In order to prevent dehydration, it is important that individuals have a good understanding of what dehydration is all about. When an individual suffers from dehydration, it means that there is not enough water or fluid inside the body. However, there are some instances when the person becomes dehydrated because of certain heat emergencies, including heat stroke. Heat-illnesses are always associated with dehydration, which means that in order to prevent heat stroke, we need to prevent dehydration as well.
Severity of dehydration ranges from mild, moderate to severe, depending on the total amount of fluid loss. But keep in mind that severe dehydration is a life-threatening condition that should be given appropriate medical intervention.
What are the common causes of dehydration?
In cases where excessive heat is the reason, dehydration can happen as a result of too much sweating, wearing of too much clothes and not drinking adequate amount of water.
On the other hand, dehydration can also happen as a result of excessive vomiting, too much urination, diarrhea and fever.
Recognizing the symptoms of dehydration
Mild to moderate dehydration are easily recognizable. These include excessive thirst, sticky or dry mouth, dark-yellow urine, cool and dry skin, minor muscle cramps, head ache, and decrease in urination.
Severe dehydration, meanwhile, can be determined by the following: rapid breathing, sunken eyes, lightheadedness or dizziness, shriveled and dry skin, and amber-colored (very dark) urine.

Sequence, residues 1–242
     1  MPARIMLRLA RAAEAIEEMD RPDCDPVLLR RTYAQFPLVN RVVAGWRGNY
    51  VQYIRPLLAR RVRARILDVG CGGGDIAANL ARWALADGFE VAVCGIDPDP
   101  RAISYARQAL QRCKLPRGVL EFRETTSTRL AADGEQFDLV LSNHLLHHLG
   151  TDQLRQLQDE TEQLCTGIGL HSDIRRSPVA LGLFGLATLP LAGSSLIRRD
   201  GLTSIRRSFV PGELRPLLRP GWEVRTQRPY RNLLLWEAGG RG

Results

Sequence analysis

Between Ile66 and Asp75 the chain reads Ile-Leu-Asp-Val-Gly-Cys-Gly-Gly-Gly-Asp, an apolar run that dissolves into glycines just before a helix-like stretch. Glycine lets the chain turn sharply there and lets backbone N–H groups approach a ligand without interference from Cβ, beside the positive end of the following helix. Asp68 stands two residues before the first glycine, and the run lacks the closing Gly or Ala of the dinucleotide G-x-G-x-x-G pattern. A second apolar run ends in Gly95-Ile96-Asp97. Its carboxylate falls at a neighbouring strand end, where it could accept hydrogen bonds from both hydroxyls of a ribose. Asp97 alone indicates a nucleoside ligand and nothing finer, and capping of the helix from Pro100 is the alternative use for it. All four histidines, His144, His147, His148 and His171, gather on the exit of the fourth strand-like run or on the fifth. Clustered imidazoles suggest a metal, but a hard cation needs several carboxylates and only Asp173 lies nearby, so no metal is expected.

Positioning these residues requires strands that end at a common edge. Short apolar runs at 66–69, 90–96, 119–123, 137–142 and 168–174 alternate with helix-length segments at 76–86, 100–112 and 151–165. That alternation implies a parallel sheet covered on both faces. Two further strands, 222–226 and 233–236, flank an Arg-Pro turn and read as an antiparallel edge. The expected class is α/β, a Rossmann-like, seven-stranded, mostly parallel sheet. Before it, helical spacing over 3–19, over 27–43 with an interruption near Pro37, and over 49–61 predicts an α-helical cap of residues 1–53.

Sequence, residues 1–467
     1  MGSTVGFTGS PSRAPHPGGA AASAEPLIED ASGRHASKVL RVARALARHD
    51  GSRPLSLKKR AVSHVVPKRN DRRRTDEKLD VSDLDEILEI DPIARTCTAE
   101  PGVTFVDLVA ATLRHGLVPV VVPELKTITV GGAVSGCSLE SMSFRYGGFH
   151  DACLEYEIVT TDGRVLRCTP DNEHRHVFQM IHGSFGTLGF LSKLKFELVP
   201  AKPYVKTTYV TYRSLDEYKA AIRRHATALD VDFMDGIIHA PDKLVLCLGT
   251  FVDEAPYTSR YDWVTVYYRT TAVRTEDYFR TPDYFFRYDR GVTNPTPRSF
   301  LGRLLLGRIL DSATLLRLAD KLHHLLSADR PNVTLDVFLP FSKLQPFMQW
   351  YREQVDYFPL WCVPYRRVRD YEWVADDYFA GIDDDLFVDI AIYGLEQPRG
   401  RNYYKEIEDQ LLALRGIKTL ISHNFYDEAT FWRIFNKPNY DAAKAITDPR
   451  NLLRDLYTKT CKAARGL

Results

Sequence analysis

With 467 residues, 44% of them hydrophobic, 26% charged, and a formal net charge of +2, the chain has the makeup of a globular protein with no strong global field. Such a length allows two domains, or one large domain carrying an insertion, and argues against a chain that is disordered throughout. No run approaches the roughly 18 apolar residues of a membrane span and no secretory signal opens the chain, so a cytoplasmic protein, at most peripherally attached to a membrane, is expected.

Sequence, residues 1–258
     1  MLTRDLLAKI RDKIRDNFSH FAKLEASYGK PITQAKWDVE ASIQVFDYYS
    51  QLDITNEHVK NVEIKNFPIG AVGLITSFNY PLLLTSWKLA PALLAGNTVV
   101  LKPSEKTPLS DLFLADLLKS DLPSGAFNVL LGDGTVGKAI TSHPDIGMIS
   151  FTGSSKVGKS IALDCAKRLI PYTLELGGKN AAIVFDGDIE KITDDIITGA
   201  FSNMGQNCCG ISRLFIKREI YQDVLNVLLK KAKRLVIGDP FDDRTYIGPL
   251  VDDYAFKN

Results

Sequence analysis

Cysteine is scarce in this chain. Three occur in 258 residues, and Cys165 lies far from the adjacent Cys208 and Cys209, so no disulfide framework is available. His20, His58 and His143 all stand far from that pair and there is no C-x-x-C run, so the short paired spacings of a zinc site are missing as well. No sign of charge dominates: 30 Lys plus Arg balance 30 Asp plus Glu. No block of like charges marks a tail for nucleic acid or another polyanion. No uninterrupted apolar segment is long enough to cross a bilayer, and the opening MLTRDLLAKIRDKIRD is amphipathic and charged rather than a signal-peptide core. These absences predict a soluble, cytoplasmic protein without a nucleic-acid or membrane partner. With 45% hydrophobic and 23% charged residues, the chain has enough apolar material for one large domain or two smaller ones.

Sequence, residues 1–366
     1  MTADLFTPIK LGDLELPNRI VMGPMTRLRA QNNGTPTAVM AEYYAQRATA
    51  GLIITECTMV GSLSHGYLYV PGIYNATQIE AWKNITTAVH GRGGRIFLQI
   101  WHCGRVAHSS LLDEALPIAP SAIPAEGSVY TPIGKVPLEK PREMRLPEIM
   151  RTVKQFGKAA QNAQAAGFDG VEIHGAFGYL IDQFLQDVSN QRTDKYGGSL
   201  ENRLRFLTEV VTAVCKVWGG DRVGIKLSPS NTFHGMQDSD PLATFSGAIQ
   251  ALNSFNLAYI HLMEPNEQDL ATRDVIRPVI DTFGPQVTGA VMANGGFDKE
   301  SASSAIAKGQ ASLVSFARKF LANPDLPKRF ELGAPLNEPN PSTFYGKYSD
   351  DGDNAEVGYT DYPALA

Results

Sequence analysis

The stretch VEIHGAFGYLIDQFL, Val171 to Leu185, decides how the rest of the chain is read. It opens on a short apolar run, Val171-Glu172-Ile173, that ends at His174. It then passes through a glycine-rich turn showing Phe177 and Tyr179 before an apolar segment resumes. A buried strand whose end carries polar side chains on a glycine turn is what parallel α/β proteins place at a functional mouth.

Recognizing early signs of heat illness
Once dehydration occurs, heat illnesses will likely follow. It is therefore important to recognize early signs of heat illness, so we can take appropriate measures thereafter. These include thirst, fatigue, profuse sweating, weakness, increase in body temperature, weak and rapid pulse, vomiting and loss of consciousness.
First aid for heat illness and dehydration
- Place the person in a cool environment to prevent heat from further accumulating in the body.
- Assist the person in lying down; elevate the feet at least 12 inches to ensure adequate circulation on the lower extremities and prevent muscle cramps from developing.
- If the person is conscious, have him/her sip water or energy drinks to replace the lost fluids and electrolytes in the body.
- Let the person suck on ice cubes, as this helps lower down body temperature faster.
- Remove any excessive clothing from the person’s body as this produces more heat even if he/she is already in a room temperature environment.
- If the person loses consciousness, suddenly changes level of alertness, suffers from seizures, or has fever that does not subside by the time you are applying the following first aid, you need to call for emergency medical assistance immediately.
Related Video On Heat Stroke Prevention[youtube url=”https://www.youtube.com/watch?v=cR6FA5w8A1o” width=”220″]
Heat Emergencies. (2014). University of Maryland Center. Retrieved online on May 19, 2014 from http://umm.edu/health/medical/ency/articles/heat-emergencies
First Aid & Emergencies. (2013). Web MD. Retrieved online on May 19, 2014 from http://www.webmd.com/first-aid/dehydration-in-children-treatment